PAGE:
Singapore Tourism Board in partnership with The Indus Entrepreneurs (TIE) organised a ‘Smart Cities and Urban Solutions’ summit in the capital city. Attended by key corporate opinion leaders and entrepreneurs, ‘The Singapore Dialogue’ focused on learning from best urban planning practices pioneered by the city state. The panel comprising Anandan Karunakaran, SVP – Surbana Jurong Planning Group, Stanley Samuel, Founder and CEO – ECOSOFTT and Mukundan Venkatachari, Hyflux discussed key learnings from smart cities like Singapore against the current Indian context. Furthermore, urban solutions such as waste water management, efficient urban mobility and public transport, affordable housing, robust IT connectivity and digitalisation, as well as good governance were hot topics amongst the attendees. Anandan Karunakan, Senior Vice President, Surbana Jurong, who addressed the audience on Singapore’s transformation, rapid and efficient urbanisation shared his thoughts about how Singapore’s model of efficiency has inspired several other countries. He said, “Given the challenges of limited size and resources, Singapore’s success stories of integrated and innovative urban solutions are very encouraging.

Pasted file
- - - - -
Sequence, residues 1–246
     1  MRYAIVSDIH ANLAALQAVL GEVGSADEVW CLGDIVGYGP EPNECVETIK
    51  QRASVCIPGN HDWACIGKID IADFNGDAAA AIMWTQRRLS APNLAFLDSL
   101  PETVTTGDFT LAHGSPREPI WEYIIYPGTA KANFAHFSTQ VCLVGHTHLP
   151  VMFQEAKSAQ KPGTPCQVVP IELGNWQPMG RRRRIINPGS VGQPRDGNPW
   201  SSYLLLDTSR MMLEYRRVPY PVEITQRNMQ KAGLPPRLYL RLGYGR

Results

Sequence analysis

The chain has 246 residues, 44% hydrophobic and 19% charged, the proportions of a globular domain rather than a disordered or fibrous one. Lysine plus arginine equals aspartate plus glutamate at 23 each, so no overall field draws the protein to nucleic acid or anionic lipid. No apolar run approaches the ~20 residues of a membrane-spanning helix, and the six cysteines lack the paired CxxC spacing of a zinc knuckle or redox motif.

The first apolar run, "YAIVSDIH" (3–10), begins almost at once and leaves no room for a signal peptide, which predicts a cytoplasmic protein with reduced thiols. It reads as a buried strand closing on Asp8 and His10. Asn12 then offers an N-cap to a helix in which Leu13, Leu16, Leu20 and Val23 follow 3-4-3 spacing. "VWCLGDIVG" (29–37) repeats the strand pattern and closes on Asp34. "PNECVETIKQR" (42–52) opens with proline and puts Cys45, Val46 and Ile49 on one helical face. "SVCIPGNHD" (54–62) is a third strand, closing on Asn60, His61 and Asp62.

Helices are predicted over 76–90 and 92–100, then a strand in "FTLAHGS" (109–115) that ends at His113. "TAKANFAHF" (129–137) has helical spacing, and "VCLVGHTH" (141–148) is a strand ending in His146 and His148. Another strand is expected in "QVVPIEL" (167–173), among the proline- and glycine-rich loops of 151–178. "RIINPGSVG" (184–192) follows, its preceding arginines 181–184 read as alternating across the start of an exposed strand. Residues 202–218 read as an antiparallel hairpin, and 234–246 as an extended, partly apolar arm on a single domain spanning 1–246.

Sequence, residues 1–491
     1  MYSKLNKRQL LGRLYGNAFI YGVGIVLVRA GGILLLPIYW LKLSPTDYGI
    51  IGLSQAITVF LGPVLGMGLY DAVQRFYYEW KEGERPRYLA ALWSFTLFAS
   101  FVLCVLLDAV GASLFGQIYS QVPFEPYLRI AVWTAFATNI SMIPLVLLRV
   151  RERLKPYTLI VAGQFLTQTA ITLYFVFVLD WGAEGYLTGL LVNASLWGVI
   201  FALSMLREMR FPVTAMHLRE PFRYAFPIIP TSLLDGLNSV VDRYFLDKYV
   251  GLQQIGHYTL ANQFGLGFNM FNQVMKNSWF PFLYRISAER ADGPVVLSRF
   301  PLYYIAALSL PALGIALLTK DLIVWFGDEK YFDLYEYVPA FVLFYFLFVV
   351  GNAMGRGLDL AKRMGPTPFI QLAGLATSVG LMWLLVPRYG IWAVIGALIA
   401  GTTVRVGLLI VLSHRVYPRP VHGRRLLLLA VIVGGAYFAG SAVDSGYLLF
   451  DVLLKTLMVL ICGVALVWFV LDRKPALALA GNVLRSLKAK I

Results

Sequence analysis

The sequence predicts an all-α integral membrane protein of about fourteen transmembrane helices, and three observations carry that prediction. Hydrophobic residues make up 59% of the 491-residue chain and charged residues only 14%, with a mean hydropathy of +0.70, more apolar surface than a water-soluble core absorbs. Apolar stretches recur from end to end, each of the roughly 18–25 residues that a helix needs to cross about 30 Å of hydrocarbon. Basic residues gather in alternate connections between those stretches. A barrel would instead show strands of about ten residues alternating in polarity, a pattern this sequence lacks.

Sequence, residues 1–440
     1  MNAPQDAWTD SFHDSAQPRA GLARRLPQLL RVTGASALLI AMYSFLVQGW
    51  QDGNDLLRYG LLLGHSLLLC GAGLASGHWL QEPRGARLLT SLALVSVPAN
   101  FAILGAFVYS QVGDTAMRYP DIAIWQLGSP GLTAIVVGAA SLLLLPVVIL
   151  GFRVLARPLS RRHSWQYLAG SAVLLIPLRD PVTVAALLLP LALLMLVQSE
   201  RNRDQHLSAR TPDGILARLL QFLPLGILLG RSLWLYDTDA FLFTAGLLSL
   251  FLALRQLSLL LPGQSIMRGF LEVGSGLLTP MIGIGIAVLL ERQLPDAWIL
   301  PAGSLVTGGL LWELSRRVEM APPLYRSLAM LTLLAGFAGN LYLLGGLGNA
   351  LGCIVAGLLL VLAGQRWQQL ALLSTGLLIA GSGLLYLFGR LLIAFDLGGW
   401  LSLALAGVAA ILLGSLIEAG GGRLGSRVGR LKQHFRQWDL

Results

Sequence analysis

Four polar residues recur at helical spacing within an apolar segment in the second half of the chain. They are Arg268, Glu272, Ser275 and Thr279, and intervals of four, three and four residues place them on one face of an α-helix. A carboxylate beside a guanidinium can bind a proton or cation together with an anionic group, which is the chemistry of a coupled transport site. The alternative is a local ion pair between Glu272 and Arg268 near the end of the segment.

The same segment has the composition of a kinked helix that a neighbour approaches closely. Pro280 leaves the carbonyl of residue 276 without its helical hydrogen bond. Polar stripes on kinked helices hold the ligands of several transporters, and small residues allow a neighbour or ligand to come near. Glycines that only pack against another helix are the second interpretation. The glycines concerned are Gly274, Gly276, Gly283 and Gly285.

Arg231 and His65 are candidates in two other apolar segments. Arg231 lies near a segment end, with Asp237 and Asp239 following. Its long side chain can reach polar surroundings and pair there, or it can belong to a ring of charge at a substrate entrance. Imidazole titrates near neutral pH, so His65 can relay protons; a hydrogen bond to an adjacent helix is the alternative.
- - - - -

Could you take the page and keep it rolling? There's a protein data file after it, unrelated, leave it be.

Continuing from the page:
The key pillars that define Singapore’s urban planning system are: quality and affordable housing for Singaporeans, the amount of green space which makes it one of the most liveable cities in the world and added to this is an integrated and efficient transport system.” Another key success is Singapore’s sustainable water solutions. Mukundan Venkatachari, Managing Director at Hyflux Engineering (India), who highlighted the ways which Singapore has managed to overcome its lack of natural water resources, said, “Singapore treasures four key sources of water, which are – local catchment areas where Rain Water Harvesting has been implemented that ensures water is distributed to 17 man-made water reservoirs; imported water from Malaysia; waste water management is efficiently operated with the presence of three waste water plants and underground pipelines in Singapore; and the fourth source is desalination that accounts for 25 per cent of national water requirement.”